2009 saw the release of Scribblenauts.
The E3 sleeper-hit wowed critics with its ambition and potential, leading to its naming as the ‘Best Of Show’ by several major gaming websites. On release there were criticisms of the clumsy stylus-controlled character movement and the limited use of its nouns, but it still stood as an imaginative title and a worthy addition to 5th Cell’s understated DS catalogue.
A year later (almost to the day) comes the second instalment. As promised, Super Scribblenauts wears its biggest development proudly in its platform-appropriate prefix. Scribblenauts is now Super Scribblenauts, bridges can be conveniently large bridges and attractive pregnant Cthulus are not out of the question.
5th Cell are also not shy to present their game’s second biggest improvement. New players are asked on start-up whether they wish to control by stylus or D-pad, and once they have made the choice between playability and masochism they are immediately free to mine the games’ depths in the menu screen’s ever popular sandbox.
The association and experimentation on offer in this mode is as engaging as ever, but it’s actually in the previously criticised levels where Scribblenauts now truly showcases its expanded capabilities. Here, frustrating action levels take a back-seat as more wordplay-orientated puzzle levels encourage you to test the limits of the game’s dictionary. Through entertaining variations of missing-link puzzles you discover that Scribblenauts’ strength is not in its expansive vocabulary, nor the transformative effects of its new modifiers, but in the intricate relationships the designers have threaded between words. Scissors are recognised as the tools of a seamstress, SWAT vans as a policeman’s means of transport – no longer are you asked to find a round peg for a round hole, you’re now actively encouraged to challenge the game’s knowledge of round objects.
When Scribblenauts is in full flow it offers a smooth experience which allows you to deviate from often the obvious solution and still have your more inventive suggestions acknowledged. It falters only when you’re exploration leads you to bump into its invisible walls. Sometimes this is due to its over-protective censorship, where dinner table friendly words like ‘alcohol’ and ‘sexy’ are prudishly ignored, forcing older gamers to adopt a child’s vocabulary to progress, yet often even innocent words can escape the dictionary’s reach, restricting you to the game’s solution. Irritating blind-spots abound, where words like ‘adventurous’ are crossed through where the accepted ‘adventureful’ will lead linguists reaching for Scrabble dictionary. While minor details, the fact is the joy of the game is in the otherwise insignificant distinction between ‘paramedic’ and ‘doctor’ and when this small creative autonomy is removed the illusion of boundless experimentation is shattered.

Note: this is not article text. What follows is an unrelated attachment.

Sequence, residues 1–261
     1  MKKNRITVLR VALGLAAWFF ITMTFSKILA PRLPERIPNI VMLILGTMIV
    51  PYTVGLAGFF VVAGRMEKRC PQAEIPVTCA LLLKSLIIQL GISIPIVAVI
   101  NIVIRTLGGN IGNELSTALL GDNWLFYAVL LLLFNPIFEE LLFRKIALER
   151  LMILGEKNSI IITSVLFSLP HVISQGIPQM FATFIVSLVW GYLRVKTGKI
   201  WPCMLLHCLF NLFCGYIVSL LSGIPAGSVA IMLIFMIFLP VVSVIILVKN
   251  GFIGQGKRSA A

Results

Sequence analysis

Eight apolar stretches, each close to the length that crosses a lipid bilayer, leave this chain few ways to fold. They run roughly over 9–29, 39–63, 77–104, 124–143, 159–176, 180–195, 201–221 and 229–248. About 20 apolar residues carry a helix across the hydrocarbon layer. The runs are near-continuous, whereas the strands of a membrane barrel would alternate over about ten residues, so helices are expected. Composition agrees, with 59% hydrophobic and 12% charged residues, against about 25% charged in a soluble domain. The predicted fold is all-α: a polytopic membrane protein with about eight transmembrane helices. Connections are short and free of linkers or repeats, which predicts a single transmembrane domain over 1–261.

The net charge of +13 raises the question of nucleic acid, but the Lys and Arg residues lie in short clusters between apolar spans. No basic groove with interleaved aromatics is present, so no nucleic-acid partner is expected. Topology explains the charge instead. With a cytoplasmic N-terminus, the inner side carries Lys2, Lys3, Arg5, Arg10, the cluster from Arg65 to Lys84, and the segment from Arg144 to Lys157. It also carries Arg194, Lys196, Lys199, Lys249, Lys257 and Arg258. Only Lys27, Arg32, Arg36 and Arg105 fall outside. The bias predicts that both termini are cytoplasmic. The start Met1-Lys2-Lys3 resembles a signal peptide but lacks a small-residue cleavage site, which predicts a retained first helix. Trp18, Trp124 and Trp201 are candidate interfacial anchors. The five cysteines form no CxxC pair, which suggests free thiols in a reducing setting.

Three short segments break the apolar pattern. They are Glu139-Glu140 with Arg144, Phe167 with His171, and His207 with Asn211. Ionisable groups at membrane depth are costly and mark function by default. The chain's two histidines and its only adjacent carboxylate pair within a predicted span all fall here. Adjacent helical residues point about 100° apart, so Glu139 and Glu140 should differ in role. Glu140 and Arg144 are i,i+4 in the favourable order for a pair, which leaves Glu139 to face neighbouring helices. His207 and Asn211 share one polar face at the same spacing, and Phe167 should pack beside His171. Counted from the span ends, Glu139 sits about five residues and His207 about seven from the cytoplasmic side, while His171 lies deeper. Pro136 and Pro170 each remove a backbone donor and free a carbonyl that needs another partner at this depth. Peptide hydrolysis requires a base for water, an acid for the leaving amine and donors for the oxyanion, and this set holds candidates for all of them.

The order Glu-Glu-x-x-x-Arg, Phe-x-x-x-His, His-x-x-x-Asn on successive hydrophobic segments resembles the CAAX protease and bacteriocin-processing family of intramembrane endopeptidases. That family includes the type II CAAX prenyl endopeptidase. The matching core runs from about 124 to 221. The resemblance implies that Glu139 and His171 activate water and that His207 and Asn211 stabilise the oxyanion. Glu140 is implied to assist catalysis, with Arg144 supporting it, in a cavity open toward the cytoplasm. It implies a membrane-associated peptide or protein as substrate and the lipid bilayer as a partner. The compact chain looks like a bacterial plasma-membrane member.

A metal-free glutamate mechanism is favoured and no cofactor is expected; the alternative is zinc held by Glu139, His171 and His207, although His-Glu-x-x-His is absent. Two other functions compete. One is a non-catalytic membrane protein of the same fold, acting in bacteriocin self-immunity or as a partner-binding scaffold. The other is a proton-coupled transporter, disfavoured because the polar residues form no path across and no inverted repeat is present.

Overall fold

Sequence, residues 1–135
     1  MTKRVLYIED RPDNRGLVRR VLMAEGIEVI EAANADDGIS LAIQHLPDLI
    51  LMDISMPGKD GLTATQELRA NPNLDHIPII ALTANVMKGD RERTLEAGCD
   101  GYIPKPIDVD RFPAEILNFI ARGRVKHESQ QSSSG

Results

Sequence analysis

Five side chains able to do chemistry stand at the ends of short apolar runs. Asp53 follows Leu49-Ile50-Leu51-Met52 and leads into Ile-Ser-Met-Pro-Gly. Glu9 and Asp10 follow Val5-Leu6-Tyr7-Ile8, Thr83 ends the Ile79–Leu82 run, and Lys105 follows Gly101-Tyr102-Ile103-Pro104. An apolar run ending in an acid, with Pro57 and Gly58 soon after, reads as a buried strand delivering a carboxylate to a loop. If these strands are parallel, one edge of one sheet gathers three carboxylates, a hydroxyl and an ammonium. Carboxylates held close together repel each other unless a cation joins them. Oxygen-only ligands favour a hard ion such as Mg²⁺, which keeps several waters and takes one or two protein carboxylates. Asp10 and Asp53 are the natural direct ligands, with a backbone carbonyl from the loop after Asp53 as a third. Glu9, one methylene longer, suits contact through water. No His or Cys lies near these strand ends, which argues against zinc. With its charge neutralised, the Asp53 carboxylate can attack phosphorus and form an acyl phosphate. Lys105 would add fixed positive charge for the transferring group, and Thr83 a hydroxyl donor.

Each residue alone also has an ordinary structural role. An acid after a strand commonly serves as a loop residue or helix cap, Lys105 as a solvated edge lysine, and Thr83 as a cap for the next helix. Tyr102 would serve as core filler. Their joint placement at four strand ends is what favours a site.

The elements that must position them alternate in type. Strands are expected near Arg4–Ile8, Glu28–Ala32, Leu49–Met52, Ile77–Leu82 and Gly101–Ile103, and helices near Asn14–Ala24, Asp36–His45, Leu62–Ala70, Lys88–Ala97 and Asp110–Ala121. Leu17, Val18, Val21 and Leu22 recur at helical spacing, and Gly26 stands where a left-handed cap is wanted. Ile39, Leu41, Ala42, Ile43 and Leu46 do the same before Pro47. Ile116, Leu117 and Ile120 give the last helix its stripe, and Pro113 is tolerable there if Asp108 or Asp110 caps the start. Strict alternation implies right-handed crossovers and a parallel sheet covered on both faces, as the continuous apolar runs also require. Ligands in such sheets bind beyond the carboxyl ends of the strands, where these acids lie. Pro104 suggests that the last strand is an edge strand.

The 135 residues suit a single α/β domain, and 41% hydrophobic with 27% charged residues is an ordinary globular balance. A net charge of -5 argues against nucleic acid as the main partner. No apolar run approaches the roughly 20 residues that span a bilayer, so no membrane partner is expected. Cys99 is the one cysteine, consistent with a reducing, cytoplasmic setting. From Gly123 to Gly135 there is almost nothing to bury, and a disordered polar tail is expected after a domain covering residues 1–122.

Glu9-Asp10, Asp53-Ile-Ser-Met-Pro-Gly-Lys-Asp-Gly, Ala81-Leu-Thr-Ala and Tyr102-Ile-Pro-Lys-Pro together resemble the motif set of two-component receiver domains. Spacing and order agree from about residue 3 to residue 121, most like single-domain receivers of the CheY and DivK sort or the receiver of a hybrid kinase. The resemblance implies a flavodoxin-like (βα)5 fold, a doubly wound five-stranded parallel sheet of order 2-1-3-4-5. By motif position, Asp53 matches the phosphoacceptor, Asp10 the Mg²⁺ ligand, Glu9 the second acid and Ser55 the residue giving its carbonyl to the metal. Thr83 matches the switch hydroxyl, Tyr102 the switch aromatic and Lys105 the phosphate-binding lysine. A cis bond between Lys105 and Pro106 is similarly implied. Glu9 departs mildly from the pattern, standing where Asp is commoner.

Other complaints include the action levels which still stand as black marks on Maxwell’s record. The D-pad’s vastly increased control helps the navigation of them, but that only highlights that the real flaw is how unsuitable Maxwell is as a platforming protagonist. His flailings during finesse missions often lead to defeats that have nothing to do with your lack of invention and one wonders why 5th Cell included these levels at all. Small glitches where objects behave erratically can also hamper your progress but these do not completely ruin the addictive nature of the puzzle levels and the game can be eagerly ploughed through in a couple of hours. A good problem to have perhaps – especially considering the previous game, where interest waned long before the levels did – but it would have been good to see some of the depth of the mechanics included in the stages as well.
Super Scribblenauts’ slogan boasts ‘Create anything. Solve everything.’ and while the sentiment is exciting the reality is unfortunately more limited. What remains is an impressive toybox that delivers on the promise of genuine creativity better than any game this side of Minecraft. Owners of the previous iteration will find genuine improvements, albeit ones which stretch the boundaries rather than break through them. Hopefully 5th Cell will one day have the opportunity to add further complexity which will allow the concept to escape its simplistic format. As it stands Super Scribblenauts is an engaging title which sparks the imagination and invites children to play with words rather than pocket monsters. Hours of fun can be had playing in its sandbox, just be aware that you must stay in the playground to do so.